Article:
It is inconceivable that Duke Energy would apply for a 17 percent residential rate increase when its top executives are taking home total compensation packages in the millions of dollars while customers are struggling to pay their bills, including their electric bills.
Duke Energy’s CEO Jim Rogers total pay package increased 29 percent in 2010 to $8.8 million according to the Associated Press.
In addition, outside directors of Duke Energy took home $50,000 in cash and $100,000 in stock and more than $2,000 per meeting of the board. All the directors of Duke Energy appear to be connected to big business with no representation of anyone who would speak for the plight of the average customer.
In addition to Rogers’ salary, he received $422,712 in perks, including $398,484 for aircraft use, $18,487 for employment agreement preparation and $4,000 in charitable contributions according to a filing with the Securities and Exchange Commission.
According to other news accounts, if Duke Energy’s $13.7 billion purchase of Progress Energy goes through, the CEO of Progress Energy Bill Johnson will be in for a nice raise of $1.1 million per year in base salary and up to $1.38 million in short-term incentives as well as up to $5.5 million incentives in long term incentives (paid in shares) each year, according to the AP. Other business analysis show that Johnson could receive more than $7 million if he becomes CEO of Duke as proposed.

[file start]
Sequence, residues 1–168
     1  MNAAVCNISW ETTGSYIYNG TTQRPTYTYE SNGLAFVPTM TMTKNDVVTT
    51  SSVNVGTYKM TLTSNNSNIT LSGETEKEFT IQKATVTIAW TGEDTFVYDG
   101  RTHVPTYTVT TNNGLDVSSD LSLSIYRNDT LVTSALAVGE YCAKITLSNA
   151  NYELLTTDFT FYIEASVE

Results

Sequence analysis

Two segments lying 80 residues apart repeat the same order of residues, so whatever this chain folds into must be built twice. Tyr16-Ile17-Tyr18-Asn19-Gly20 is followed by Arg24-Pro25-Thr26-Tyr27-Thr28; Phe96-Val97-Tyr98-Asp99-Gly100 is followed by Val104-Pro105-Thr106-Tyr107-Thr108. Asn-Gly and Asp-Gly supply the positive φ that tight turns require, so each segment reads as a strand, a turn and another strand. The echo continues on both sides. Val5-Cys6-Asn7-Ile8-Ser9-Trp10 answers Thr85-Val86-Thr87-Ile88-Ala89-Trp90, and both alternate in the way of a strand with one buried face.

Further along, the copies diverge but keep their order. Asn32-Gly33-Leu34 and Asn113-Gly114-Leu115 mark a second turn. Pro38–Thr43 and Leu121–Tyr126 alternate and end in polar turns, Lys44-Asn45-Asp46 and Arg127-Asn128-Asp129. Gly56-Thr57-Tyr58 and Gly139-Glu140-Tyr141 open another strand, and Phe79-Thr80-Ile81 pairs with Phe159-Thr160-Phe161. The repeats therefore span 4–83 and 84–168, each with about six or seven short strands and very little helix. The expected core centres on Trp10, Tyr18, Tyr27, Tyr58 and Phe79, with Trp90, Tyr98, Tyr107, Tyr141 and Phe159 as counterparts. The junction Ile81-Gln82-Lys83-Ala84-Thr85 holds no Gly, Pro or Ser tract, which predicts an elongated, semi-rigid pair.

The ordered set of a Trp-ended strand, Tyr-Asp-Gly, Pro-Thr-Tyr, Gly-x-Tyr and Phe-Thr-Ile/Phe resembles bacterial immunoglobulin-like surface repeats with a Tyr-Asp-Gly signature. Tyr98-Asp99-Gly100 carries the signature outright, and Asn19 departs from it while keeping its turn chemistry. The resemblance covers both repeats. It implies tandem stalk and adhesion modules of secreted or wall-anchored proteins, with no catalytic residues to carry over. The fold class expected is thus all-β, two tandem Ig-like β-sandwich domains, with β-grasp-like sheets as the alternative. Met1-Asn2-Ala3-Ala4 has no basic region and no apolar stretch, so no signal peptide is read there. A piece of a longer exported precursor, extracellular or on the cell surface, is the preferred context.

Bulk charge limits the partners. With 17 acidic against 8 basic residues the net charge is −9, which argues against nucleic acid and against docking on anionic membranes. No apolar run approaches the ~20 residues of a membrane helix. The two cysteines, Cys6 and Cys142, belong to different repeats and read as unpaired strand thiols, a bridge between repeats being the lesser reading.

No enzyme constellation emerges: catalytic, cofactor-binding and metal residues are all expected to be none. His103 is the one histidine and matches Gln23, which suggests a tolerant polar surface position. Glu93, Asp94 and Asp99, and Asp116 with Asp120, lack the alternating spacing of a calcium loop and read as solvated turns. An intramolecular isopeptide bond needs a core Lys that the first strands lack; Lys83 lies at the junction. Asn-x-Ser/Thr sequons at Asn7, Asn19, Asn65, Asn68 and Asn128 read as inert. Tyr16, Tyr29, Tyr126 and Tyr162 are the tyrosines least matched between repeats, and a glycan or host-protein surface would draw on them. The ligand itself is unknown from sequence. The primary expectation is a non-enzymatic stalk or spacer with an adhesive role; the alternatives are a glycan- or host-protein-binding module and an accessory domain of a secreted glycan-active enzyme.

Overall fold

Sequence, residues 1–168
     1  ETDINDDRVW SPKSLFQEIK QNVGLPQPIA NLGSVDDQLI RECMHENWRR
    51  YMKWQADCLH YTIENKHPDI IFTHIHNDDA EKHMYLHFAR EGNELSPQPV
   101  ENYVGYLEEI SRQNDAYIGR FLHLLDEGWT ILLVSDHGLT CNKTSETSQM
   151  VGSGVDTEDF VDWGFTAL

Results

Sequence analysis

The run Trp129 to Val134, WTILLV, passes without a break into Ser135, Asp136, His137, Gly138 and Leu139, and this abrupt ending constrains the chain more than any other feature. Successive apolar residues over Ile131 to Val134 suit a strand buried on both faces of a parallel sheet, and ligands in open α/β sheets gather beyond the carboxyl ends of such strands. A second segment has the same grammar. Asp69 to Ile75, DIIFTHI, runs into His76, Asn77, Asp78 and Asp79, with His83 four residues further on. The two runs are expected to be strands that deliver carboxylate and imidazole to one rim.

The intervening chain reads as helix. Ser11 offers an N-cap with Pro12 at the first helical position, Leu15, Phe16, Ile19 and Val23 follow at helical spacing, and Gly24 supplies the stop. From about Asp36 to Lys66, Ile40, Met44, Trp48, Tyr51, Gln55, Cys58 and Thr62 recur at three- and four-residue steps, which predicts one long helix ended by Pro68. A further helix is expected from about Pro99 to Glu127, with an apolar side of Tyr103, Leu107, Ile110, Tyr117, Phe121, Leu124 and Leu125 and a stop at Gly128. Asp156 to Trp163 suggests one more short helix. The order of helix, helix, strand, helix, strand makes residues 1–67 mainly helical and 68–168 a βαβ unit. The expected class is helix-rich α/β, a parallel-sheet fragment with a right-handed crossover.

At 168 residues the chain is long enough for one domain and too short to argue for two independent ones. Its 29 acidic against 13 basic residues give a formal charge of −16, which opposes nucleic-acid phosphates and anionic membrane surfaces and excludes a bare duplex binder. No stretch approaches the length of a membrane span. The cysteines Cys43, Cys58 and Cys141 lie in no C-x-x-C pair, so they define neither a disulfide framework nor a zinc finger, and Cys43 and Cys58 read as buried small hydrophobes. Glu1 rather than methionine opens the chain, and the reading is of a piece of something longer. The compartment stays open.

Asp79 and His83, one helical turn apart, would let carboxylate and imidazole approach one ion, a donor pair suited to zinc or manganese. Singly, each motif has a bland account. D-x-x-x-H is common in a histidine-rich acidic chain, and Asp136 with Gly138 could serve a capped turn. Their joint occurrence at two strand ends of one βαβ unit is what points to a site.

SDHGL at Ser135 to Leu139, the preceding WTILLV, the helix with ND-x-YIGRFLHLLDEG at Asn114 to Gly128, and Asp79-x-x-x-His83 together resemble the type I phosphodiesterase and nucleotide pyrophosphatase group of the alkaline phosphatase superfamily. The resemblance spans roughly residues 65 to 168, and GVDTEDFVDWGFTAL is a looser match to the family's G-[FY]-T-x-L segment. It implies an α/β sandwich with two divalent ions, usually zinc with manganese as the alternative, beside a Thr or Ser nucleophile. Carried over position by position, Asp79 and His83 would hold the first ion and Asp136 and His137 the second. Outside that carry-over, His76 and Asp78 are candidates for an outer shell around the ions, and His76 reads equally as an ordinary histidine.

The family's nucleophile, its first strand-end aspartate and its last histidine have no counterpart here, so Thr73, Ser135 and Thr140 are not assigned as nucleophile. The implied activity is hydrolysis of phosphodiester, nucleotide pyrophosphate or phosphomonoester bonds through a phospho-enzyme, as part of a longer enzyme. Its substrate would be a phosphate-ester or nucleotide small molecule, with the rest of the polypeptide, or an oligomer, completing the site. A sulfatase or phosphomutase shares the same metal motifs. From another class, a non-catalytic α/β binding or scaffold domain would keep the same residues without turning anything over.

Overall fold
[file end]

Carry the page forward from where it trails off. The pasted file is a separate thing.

These salaries and compensation packages are obscene in light of the average rate payer’s struggles to survive financially.
I propose that the Town of Franklin pass a resolution that states the top executives of Duke Energy and its board of directors take a 17 percent cut in their total compensation packages to show in good faith that Duke needs a 17 percent rate increase.
It is difficult to sympathize with a corporation that can afford such extravagant compensation packages to call for a rate increase in these times when so many people are without jobs and/or on a fixed income. Electric service is something that we all must have. It is not a luxury.
Alderman, Town of Franklin